Any ideas on the best places to link to this once it's presentable?
As far as the list from FamilySearch, for structural purposes, we don't really care how they do theirs, when you include links to the appropriate section over there it bypasses the whole issue.  But we really should have parishes named correctly here.

Standardizing place names is something of a problem by itself, since some place names changed over time.  Thus for example Berthier-en-Bas became Berthier-sur-Mer, was also referred to as l'Assomption-de-Bellechasse, seigneurie de Berthier, seigneurie de Bellechasse......  .

You might use Originis to base your names on, they do have an alphabetic listing by city, or region or diocese etc.  And you can put a link to the relevant article of theirs on the parish page.

St-Jean-l'Évangéliste is an aka for St-Jean-sur-Richelieu, which is the cathedral of the city of same name, also known as St-Jean-l'Évangéliste-de-Dorchester, which name was abandonned.  Also sometimes called St-Jean-d'Iberville.  There is another parish named St-Jean-l'Évangéliste, but it is way over on the east coast not too far from Carleton, so would be confusing to use that name.  The city of St-Jean-sur-Richelieu has shortened its name to St-Jean more recently.

As far as the extraneous listings FS has like comté and MRC, don't know if they have parish records linked directly to them or not, but you can link to the correct place namess instead if they do.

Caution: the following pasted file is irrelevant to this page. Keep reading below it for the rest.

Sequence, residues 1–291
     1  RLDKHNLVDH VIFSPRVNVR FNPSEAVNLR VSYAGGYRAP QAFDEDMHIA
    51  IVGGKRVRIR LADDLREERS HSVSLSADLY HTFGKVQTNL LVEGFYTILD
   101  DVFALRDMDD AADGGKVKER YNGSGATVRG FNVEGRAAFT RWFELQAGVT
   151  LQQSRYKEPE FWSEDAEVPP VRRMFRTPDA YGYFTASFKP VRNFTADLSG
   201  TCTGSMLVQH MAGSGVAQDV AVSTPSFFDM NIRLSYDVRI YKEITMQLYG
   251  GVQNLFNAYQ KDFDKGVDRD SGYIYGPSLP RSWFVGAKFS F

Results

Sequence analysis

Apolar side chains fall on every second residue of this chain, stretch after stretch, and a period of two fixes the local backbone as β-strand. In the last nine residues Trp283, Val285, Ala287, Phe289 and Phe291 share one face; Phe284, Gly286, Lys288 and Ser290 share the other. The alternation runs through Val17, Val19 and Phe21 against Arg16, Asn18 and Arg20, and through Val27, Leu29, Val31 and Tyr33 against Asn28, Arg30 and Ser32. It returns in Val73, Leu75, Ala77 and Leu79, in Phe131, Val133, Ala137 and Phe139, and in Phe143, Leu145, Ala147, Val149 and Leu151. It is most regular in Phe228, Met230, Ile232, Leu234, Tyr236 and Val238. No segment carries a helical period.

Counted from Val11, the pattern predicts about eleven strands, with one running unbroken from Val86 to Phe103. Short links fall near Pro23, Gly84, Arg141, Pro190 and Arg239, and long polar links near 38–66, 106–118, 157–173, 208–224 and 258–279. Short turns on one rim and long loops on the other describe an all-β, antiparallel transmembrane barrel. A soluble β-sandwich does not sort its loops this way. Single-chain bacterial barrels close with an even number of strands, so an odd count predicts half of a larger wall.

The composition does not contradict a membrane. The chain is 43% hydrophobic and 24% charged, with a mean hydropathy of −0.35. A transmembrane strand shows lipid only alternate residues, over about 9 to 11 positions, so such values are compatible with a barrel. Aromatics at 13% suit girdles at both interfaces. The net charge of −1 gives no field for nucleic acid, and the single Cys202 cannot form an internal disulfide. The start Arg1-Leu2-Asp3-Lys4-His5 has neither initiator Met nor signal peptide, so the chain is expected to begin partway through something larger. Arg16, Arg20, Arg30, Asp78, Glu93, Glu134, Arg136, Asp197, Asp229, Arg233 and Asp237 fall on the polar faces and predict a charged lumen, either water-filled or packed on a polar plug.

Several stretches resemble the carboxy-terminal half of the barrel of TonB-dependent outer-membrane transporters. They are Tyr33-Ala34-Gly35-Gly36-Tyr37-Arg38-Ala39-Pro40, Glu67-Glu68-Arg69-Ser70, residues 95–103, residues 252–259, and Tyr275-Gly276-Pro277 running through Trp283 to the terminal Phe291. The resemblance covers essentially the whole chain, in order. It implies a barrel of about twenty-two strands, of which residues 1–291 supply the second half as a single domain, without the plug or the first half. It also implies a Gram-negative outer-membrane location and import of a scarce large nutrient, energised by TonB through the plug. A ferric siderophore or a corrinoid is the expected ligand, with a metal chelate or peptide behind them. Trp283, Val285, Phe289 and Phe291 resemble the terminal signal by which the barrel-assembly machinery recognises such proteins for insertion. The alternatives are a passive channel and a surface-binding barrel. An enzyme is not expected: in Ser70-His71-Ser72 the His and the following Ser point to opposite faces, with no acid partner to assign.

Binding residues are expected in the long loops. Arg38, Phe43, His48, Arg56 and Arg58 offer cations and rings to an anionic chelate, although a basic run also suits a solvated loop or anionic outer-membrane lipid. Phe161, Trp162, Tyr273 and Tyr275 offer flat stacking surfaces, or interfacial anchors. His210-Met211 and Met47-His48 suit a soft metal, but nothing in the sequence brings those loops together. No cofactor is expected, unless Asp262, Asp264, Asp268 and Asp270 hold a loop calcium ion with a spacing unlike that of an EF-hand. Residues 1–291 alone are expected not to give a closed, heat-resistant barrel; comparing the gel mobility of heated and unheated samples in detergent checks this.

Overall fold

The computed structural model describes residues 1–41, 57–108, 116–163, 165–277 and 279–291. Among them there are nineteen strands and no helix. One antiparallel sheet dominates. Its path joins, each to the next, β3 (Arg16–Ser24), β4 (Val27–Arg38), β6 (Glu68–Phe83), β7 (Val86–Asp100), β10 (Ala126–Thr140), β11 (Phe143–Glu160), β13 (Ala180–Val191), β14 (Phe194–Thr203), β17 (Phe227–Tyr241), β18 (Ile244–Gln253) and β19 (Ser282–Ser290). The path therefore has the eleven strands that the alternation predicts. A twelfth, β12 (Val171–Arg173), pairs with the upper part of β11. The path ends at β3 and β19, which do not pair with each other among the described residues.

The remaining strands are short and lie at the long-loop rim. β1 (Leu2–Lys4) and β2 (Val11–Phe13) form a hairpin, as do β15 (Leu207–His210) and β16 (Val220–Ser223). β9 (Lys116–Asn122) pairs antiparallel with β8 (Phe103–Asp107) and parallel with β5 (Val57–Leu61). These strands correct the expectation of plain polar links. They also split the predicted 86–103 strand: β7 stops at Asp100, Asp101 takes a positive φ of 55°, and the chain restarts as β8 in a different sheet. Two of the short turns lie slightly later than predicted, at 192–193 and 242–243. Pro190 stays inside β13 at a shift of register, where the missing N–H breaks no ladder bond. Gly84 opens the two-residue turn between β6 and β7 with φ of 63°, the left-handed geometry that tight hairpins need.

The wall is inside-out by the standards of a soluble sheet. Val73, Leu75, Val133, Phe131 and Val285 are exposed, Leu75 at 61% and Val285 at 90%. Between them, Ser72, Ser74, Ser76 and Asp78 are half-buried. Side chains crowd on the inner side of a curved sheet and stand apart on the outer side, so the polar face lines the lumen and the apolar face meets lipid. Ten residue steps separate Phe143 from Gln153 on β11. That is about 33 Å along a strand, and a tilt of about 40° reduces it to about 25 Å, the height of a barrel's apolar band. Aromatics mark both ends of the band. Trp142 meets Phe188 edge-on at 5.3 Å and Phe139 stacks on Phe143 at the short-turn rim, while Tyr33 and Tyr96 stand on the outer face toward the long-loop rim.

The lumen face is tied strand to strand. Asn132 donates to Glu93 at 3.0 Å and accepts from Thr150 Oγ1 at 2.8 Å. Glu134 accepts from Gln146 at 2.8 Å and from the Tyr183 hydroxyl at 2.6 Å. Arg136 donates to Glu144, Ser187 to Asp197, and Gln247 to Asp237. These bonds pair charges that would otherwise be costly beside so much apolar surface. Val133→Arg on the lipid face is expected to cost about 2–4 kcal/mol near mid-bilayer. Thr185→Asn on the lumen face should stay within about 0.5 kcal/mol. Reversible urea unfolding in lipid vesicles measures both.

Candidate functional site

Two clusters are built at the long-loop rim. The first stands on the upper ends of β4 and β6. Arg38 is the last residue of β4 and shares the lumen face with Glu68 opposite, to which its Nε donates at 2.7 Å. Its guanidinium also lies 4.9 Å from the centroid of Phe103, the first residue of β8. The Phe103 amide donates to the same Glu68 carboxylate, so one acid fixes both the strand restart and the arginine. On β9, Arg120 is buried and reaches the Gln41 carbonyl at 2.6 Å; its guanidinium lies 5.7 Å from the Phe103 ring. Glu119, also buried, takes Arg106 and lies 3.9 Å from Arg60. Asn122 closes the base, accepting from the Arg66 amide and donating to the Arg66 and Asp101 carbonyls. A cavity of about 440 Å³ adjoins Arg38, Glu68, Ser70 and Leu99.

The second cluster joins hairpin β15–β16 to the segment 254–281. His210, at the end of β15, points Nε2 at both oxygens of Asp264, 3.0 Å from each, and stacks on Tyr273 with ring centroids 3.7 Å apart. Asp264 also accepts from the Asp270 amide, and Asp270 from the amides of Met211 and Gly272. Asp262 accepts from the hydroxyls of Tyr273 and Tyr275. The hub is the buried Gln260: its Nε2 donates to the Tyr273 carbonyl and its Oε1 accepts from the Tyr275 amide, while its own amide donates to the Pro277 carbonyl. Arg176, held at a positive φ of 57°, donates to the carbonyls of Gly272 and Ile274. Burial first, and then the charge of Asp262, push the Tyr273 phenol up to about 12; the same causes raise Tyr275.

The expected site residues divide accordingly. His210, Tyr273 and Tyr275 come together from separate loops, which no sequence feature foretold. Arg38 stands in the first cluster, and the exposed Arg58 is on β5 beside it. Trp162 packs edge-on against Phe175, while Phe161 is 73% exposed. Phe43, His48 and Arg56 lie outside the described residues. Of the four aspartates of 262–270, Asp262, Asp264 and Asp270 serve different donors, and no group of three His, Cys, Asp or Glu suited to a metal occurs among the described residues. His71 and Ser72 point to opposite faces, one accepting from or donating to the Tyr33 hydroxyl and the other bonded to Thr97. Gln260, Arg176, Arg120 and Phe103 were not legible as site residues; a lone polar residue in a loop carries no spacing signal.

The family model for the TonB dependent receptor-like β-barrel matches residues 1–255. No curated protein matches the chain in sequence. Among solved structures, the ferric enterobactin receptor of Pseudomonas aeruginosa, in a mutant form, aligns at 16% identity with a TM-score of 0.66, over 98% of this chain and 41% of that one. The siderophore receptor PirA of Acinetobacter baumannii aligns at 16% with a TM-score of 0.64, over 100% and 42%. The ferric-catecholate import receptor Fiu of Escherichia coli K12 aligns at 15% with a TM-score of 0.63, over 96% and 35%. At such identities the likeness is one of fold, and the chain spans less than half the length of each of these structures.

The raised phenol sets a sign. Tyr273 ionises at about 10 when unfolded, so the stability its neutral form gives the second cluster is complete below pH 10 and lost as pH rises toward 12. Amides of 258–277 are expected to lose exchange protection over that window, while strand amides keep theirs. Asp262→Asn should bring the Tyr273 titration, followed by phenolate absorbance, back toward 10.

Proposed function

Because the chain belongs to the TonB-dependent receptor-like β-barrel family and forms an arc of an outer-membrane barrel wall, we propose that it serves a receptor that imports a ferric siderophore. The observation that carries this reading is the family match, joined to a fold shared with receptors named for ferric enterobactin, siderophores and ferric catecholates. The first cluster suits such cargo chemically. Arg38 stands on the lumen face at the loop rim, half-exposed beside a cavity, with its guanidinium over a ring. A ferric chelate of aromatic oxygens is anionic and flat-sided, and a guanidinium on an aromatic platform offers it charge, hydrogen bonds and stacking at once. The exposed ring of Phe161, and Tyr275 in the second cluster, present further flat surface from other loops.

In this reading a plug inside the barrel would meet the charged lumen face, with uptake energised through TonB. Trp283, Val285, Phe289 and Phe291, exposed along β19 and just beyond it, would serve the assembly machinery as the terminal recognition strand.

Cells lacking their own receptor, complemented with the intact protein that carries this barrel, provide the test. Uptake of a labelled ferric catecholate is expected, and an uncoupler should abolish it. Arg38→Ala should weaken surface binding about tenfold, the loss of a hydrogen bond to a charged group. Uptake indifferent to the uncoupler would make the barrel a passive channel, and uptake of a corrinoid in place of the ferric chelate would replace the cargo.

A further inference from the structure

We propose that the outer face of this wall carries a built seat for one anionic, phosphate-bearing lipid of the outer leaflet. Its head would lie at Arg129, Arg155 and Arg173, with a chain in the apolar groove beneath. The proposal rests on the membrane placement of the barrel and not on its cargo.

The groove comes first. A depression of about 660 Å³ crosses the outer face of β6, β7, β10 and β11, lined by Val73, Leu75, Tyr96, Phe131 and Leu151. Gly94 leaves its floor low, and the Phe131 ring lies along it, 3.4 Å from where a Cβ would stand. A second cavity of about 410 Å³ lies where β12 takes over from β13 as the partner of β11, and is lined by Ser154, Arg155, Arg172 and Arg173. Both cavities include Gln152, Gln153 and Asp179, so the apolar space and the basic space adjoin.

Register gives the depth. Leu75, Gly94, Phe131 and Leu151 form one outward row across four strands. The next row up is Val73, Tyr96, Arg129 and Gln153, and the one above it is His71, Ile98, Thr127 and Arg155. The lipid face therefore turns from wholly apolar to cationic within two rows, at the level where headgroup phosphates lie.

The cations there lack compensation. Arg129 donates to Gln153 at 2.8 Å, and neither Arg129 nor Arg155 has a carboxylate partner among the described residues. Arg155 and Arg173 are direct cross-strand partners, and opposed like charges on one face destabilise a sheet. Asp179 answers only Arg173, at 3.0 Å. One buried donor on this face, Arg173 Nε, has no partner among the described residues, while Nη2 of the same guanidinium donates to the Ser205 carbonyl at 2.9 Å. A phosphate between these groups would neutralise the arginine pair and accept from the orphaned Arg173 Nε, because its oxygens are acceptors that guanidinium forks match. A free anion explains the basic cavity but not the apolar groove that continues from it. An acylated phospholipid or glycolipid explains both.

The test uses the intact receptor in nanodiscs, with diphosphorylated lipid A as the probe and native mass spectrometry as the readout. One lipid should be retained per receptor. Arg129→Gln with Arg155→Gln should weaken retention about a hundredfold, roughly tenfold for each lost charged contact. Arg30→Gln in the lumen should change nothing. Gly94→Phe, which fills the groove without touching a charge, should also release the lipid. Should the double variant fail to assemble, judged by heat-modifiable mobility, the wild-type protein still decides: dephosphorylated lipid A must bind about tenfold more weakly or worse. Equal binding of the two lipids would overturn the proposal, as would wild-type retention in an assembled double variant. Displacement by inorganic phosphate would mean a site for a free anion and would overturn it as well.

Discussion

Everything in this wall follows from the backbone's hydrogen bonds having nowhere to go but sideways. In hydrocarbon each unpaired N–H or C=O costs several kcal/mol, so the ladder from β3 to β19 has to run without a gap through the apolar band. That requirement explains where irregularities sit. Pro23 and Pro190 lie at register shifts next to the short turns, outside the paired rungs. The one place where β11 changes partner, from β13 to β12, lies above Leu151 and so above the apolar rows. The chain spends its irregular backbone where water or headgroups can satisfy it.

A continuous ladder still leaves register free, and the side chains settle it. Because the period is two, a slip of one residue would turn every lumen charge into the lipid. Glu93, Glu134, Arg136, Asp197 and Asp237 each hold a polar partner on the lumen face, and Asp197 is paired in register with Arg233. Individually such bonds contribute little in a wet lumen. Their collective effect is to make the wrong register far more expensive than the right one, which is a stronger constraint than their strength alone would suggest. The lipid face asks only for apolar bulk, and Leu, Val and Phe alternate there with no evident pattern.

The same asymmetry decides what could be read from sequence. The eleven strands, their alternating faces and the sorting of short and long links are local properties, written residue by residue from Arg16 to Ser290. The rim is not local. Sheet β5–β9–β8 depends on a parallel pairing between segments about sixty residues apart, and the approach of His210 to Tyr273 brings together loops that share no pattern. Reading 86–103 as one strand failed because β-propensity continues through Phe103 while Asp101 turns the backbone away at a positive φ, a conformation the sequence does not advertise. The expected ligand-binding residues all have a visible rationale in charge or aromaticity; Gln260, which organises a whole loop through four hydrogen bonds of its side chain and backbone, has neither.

Places to link to once it's done, I would suggest linking each individual page to its location categories, thus Berthier-sur-Mer would link to both Berthier-en-Bas, Canada, Nouvelle-France and to Berthier-sur-Mer, Québec.  The Canada, Nouvelle-France categories are pretty much all created, so that's not an issue, the modern place names for the province are far from all done, so may take a while.  Still working out some details on category tree structure for this place, with the additional parts of Québec Province 1763-1791 and Bas-Canada 1791-1867 to fill in also.

a penchant for opening worm cans, eh?  lol, now for sure I know we're cousins.  laugh

Danielle-

Many thanks for your input helping with this huge effort for WikiTree. I look forward to learning more about the accurate records of several generations in Quebec.

Merci,

Dave Charbonneau
+2 votes
HI there Paul!  Your post grabbed my eye right away, because I've been doing something similar while tracking my French Canadian ancestors.  I have a Google spreadsheet where I record details of the various registry entries (and use a very long formula to assemble them into consistent posting style for wikitree)